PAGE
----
Resonator sensor technique for medical use : an intraocular pressure measurement system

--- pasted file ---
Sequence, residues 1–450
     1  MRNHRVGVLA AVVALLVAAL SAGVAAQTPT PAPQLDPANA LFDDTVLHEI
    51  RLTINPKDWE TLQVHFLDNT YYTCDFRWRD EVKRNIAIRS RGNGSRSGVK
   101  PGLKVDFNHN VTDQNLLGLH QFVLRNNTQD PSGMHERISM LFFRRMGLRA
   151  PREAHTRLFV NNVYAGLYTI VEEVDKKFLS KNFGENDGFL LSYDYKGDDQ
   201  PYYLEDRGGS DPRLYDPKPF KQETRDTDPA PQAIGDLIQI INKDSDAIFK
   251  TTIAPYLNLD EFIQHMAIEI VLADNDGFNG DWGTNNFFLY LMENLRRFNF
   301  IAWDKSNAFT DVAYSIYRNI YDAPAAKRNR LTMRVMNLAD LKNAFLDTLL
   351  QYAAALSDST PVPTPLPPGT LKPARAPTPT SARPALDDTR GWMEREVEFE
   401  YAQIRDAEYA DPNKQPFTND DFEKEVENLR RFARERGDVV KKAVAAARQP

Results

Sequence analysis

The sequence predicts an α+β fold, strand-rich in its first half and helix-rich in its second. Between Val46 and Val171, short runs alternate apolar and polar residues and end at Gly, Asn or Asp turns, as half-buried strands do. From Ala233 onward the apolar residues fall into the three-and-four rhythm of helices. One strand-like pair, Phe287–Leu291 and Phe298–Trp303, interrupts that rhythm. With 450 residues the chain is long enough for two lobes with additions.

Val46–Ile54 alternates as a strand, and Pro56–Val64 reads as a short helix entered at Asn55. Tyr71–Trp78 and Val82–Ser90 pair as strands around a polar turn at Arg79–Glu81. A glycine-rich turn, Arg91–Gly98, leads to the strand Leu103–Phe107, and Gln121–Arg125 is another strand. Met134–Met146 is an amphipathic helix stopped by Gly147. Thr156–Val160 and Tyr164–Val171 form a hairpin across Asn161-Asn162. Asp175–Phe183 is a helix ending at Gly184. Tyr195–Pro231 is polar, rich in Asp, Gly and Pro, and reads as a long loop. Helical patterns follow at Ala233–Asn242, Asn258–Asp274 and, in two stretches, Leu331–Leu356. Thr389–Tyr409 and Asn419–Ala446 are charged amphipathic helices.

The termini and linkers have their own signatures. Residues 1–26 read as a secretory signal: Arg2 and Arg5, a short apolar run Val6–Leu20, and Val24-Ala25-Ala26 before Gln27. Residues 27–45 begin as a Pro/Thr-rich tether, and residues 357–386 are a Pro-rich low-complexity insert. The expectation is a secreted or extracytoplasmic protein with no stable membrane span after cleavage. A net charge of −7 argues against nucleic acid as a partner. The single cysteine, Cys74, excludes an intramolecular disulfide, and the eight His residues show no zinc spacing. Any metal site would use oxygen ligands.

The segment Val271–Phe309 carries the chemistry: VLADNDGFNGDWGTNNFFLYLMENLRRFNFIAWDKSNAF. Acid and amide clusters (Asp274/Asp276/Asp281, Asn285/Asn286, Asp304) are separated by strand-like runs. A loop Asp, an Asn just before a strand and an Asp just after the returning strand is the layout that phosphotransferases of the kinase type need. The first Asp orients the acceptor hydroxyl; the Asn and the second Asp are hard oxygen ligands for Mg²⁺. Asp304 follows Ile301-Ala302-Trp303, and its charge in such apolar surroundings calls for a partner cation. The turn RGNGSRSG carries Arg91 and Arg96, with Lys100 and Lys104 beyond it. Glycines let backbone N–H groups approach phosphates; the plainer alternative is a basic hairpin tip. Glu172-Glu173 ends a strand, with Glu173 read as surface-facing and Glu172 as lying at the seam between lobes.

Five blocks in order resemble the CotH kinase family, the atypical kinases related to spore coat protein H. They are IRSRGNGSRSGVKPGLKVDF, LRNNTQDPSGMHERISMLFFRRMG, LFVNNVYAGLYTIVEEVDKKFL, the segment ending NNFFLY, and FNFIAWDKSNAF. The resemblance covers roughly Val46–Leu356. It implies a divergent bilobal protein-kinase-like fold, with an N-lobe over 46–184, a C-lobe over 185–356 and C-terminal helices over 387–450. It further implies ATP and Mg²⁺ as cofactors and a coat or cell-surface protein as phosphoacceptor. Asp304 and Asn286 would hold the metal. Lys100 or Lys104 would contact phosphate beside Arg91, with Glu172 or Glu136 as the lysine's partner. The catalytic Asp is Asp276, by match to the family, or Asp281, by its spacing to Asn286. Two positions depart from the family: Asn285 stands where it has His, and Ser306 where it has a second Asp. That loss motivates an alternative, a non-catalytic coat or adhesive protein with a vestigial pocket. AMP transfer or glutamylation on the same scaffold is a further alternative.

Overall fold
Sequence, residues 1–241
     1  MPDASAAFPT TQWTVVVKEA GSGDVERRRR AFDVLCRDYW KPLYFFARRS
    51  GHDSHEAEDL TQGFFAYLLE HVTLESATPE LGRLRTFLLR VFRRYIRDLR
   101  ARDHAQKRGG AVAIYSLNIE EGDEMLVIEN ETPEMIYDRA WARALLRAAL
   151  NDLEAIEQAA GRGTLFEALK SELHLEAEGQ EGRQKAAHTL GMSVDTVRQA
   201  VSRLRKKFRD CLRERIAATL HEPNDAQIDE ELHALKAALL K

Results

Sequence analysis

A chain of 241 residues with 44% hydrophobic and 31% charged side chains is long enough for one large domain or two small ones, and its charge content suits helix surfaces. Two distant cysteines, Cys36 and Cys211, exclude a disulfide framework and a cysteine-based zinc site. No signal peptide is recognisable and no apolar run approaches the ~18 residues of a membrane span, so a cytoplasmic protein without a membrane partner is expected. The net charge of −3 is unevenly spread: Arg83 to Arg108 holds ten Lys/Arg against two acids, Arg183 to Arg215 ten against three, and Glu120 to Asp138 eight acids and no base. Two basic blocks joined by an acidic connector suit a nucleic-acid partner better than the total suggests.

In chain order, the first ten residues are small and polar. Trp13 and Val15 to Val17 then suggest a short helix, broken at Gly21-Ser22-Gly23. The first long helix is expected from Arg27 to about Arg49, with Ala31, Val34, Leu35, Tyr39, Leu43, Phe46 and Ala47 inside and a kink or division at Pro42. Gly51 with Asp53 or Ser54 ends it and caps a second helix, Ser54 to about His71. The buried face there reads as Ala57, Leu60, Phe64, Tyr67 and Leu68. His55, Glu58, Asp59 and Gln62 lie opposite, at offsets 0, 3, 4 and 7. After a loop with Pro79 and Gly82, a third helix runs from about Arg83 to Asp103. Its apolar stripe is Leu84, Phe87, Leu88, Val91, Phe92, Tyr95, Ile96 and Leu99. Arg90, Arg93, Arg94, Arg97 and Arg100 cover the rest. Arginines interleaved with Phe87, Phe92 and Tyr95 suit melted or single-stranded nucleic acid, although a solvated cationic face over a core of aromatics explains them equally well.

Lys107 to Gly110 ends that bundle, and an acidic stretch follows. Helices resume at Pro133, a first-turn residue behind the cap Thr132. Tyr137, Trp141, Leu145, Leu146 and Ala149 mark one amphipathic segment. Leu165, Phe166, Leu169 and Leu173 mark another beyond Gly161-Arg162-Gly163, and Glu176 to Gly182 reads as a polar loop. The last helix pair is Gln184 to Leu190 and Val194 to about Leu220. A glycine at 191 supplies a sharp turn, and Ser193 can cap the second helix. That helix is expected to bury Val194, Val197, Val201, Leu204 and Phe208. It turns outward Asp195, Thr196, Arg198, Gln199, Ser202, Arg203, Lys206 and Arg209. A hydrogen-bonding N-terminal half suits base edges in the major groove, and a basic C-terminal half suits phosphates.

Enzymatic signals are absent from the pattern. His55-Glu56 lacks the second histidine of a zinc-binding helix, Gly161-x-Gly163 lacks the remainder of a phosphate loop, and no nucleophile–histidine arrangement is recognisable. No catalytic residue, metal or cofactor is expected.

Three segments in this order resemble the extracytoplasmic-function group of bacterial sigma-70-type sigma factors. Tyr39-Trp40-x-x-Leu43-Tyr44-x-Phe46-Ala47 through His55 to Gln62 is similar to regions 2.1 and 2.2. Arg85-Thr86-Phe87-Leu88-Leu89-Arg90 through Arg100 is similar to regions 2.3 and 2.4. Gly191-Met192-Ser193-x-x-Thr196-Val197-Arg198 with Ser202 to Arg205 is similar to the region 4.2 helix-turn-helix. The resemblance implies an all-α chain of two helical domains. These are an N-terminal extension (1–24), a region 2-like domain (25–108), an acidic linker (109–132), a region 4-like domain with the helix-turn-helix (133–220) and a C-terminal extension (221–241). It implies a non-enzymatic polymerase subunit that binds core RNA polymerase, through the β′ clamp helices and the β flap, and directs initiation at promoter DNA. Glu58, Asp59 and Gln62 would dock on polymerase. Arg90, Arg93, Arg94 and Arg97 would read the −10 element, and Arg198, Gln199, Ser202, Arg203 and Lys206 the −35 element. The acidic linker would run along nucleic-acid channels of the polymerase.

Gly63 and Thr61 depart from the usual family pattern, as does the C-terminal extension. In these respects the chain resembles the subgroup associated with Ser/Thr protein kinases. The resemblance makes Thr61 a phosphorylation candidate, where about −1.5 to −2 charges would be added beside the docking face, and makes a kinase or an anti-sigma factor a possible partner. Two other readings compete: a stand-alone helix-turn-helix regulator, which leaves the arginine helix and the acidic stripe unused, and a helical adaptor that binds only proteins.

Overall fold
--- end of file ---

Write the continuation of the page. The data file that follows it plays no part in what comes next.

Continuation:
Abstract: In the work of this doctoral dissertation a new resonator sensor technique, first presented in 1989, has been further developed and evaluated with focus on technical characteristics and applications within the medical field. In a first part a catheter-type tactile sensor using the resonator sensor technique was evaluated in a silicone model and applied to human prostate in vitro. The main finding was that different histological compositions of prostate tissue correlated with the frequency shift, .fS, of the resonator sensor and that the common property was the hardness of the tissue. The results indicated that hardness of the prostate tissue, and maybe hardness of human tissue in general, can be expressed according to a cone penetration standard (DIN ISO 2137) and that the hardness can be measured with this tactile sensor system. The tissue hardness application for the resonator sensor technique has to be further developed and evaluated in a larger study. The study also produced results that has led to the basic understanding of the resonator sensor system. One important result was that .fS of the sensor system was related to the contact area between sensor and sample. This indicated that the resonance sensor could be used for contact area measurement. In a second part, containing three studies, the area-sensing capability from the first study was utilised in the development and evaluation of the applanation resonator sensor (ARS) for measurement of intraocular pressure (IOP). For the purpose of evaluating IOP-tonometers, an in vitro pig-eye model was developed, and it was shown that a saline column connected to the vitreous chamber could be used successfully to induce variations in IOP. A ARS sensor with a flat contact surface was applied onto the cornea with constant force and .fS was measured. A mathematical model based on the Imbert-Fick law and the assumption that .fS was linearly related to contact area was proposed and verified with a convincing result. IOP measured with the ARS correlated well (r=0.92, n=360) with the IOP elicited by a saline column. The ARS in a constant-force arrangement was evaluated on healthy human subjects in vivo. The results verified the sensor principle but revealed a nonnegligible source of error in off-centre positioning between the sensor and cornea. The sensor probe was redesigned and evaluated in the in vitro model. The new probe, with a spherical contact surface against the eye reduced the sensitivity to off-centre positioning. It was also shown that a .fS normalisation procedure could reduce the between-eye differences. The ARS method for IOP measurement was further developed using combined continuous force and area measurement during the dynamic phase when the sensor initially contacts the cornea. A force sensor was included with the resonator sensor in one probe. Evaluation was performed with the in vitro pig-eye model. The hypothesis was that the IOP could be deduced from the differential change of force and area during that phase. The study showed good accuracy and good reproducibility with a correlation of r=0.994 (n=414) between measured pressure in the vitreous chamber and IOP according to the ARS. Measurement time was short, 77 ms after initial contact. Problems with inter-eye differences and low resolution at high pressures were reduced. The ARS method is the first to combine simultaneous, continuous sampling of both parameters included in the applanation principle. Consequently, there is a potential for reducing errors in the clinical IOP tonometry.